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Old 08-24-2012, 09:12 PM   #1
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Breeding Angels

I'm wanting to remove my angel pair out of my main tank because they're ready to breed and are starting to get extremely aggressive to everyone else. My question is would a 10 gallon tank be too small to pull this off in if that's the only two fish living in it?? I simply don't have the room right now for a larger tank and can't seem to find a 20 gallon locally.
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Old 08-24-2012, 10:28 PM   #2
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I'm wanting to remove my angel pair out of my main tank because they're ready to breed and are starting to get extremely aggressive to everyone else. My question is would a 10 gallon tank be too small to pull this off in if that's the only two fish living in it?? I simply don't have the room right now for a larger tank and can't seem to find a 20 gallon locally.
It depends on the size of the Angels. If these are new breeders and on the smaller side then (despite what other members say ) a standard 10 gal (20"L x 10"W by 12"H) can be used. I've used this as my main tank size for breeding many pairs of Angels. If these are larger fish or long veiltailed fish, you may want to put them into a 15 High or 20 High if you are short on space. I would suggest that if you are going to breed them and letting the parents raise the fry, do it in a bare tank with just a sponge filter so that the fish have the most amount of water space. Just put in a heater and a piece of slate for the fish to spawn on.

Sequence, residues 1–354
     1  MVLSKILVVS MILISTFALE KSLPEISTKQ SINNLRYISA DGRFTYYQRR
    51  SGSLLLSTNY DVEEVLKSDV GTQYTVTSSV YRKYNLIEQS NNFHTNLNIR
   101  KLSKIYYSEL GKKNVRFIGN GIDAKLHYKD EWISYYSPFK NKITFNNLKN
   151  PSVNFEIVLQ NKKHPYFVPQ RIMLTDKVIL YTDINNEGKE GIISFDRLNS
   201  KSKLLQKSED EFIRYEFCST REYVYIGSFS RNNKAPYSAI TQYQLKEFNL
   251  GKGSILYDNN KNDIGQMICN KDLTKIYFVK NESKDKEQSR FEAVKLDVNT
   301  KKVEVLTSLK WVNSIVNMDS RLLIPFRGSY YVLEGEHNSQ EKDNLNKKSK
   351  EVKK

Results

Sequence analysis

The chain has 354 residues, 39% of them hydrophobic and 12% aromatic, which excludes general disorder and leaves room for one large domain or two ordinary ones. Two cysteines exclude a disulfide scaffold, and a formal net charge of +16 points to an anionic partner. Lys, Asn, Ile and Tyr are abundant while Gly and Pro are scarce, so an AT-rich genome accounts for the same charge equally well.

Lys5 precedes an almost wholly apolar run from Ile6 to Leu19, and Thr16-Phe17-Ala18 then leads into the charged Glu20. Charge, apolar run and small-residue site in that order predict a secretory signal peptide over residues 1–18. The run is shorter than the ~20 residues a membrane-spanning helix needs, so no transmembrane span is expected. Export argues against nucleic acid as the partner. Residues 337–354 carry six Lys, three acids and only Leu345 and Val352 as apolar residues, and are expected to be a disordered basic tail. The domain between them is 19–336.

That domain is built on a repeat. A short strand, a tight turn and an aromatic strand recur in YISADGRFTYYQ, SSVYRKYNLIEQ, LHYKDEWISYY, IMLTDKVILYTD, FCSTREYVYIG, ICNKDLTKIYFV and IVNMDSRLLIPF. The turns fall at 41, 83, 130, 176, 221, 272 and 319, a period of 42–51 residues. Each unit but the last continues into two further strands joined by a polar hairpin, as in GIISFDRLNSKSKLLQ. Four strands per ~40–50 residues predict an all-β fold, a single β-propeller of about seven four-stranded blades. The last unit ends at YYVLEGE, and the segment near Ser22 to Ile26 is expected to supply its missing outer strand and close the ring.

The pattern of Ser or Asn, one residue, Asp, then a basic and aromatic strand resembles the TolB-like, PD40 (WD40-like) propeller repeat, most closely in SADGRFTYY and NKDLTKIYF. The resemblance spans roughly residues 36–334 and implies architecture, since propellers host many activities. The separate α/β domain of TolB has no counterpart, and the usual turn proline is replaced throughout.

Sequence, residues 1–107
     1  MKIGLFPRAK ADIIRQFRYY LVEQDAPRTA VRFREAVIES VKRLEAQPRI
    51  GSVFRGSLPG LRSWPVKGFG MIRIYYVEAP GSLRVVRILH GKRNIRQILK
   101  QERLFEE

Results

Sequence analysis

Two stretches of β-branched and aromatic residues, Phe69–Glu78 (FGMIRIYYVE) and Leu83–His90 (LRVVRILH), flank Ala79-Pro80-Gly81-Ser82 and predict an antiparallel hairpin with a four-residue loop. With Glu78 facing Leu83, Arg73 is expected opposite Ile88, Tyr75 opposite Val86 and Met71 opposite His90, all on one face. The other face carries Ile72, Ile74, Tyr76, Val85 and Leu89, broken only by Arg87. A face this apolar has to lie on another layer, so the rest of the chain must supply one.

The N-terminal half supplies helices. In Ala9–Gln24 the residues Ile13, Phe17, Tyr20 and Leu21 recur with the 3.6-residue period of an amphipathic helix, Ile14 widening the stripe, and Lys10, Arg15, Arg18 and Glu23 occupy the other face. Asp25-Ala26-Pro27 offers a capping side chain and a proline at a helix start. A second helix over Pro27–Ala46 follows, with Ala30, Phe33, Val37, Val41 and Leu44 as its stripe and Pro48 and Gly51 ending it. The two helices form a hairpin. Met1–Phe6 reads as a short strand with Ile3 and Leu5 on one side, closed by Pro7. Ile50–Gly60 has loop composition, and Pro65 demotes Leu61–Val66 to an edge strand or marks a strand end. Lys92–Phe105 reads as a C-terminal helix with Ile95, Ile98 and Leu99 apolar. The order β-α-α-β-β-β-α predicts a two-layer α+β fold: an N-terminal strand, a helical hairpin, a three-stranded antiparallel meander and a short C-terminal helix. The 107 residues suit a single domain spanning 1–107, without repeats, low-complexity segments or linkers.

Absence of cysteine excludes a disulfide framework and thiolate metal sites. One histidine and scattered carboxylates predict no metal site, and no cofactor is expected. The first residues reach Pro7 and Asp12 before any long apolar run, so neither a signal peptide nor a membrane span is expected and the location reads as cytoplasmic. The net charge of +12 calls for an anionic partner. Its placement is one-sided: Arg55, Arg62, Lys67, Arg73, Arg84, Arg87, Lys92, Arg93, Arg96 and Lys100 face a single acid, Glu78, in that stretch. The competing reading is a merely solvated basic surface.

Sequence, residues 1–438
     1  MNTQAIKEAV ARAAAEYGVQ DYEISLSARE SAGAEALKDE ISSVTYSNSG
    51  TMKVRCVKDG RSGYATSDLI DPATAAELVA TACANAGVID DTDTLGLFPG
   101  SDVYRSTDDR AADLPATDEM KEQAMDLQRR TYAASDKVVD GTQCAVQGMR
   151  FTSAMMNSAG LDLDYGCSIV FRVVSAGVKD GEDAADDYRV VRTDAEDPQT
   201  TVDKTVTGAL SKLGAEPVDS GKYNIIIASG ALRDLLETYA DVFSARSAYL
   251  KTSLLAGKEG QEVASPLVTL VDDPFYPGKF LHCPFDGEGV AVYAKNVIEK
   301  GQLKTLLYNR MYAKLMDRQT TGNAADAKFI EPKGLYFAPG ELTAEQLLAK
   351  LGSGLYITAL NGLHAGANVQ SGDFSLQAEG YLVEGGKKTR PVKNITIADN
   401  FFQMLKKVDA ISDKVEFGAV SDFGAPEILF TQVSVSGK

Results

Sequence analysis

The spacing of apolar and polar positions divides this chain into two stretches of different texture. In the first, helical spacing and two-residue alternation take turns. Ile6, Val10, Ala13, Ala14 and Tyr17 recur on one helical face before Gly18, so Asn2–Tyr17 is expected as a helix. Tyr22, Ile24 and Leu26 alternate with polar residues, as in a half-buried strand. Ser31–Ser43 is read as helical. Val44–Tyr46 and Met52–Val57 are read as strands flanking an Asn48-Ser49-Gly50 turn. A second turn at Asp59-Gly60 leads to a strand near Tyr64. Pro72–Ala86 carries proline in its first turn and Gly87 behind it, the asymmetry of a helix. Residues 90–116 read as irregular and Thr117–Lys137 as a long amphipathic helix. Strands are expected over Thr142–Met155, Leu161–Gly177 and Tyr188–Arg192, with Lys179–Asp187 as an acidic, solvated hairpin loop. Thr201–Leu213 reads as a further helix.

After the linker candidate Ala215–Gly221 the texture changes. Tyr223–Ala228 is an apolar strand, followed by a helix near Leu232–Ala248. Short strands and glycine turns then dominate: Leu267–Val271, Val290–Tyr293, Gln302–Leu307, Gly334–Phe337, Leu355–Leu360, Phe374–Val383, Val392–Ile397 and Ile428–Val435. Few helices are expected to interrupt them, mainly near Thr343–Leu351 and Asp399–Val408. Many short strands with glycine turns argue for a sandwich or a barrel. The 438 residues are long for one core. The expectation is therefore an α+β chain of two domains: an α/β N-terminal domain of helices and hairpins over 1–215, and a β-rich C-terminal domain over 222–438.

If you need any assistance with breeding these fish, feel free to PM me for instructions. I am well versed in the breeding, care and raising of Angelfish having raised over 1 million Angel Fry over the years

Good luck with your pair
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Old 08-25-2012, 12:16 AM   #3
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Thanks for the advice. I watched them lock lips and semi twirl. Lol I was amazed!! This one of them

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I'm gonna try a 10 gallon and see what kind of results I get. A regular filter won't be sufficient?
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Old 08-25-2012, 12:38 AM   #4
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Thanks for the advice. I watched them lock lips and semi twirl. Lol I was amazed!! This one of them

Attachment 114633

I'm gonna try a 10 gallon and see what kind of results I get. A regular filter won't be sufficient?
If I would were to bet, I'd say, based on what I use as my criteria , that that is your female. Notice the swollen belly and anal fin starting further away from her anus?
As for the filter, outside HOB filters tend to move too much water and can filter out the sperm when they are spawning. A sponge filter removes NOTHING and only converts (through the bacteria bed held within the sponge) ammonia and nitrites. I've found this to be the most productive way of producing a higher percentage of hatchings. Considering that you are dealing with a smaller tank, you want to be careful with water movement during spawning. I've also been told (years ago) that the wild Angels usually bred in very calm waters or after the rains had subsided and the water flow had slowed to almost nothing.

Also, should you leave the fry in with the parents or leave the eggs to hatch on their own, a HOB filter will most definitely suck up the fry so it has a second negative going for it They will also suck out the food for the fry. Strike 3 for me

In my eyes, there are only pluses with using a sponge filter when breeding fish and no negatives. They were the only filters I used in all my hatcheries. You can take that for what it's worth

Again, Good luck
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Old 08-25-2012, 12:48 AM   #5
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I agree. I too breed super lace veils zebras in a 10 gallon. I too use sponge filters in all my 10 gallons.
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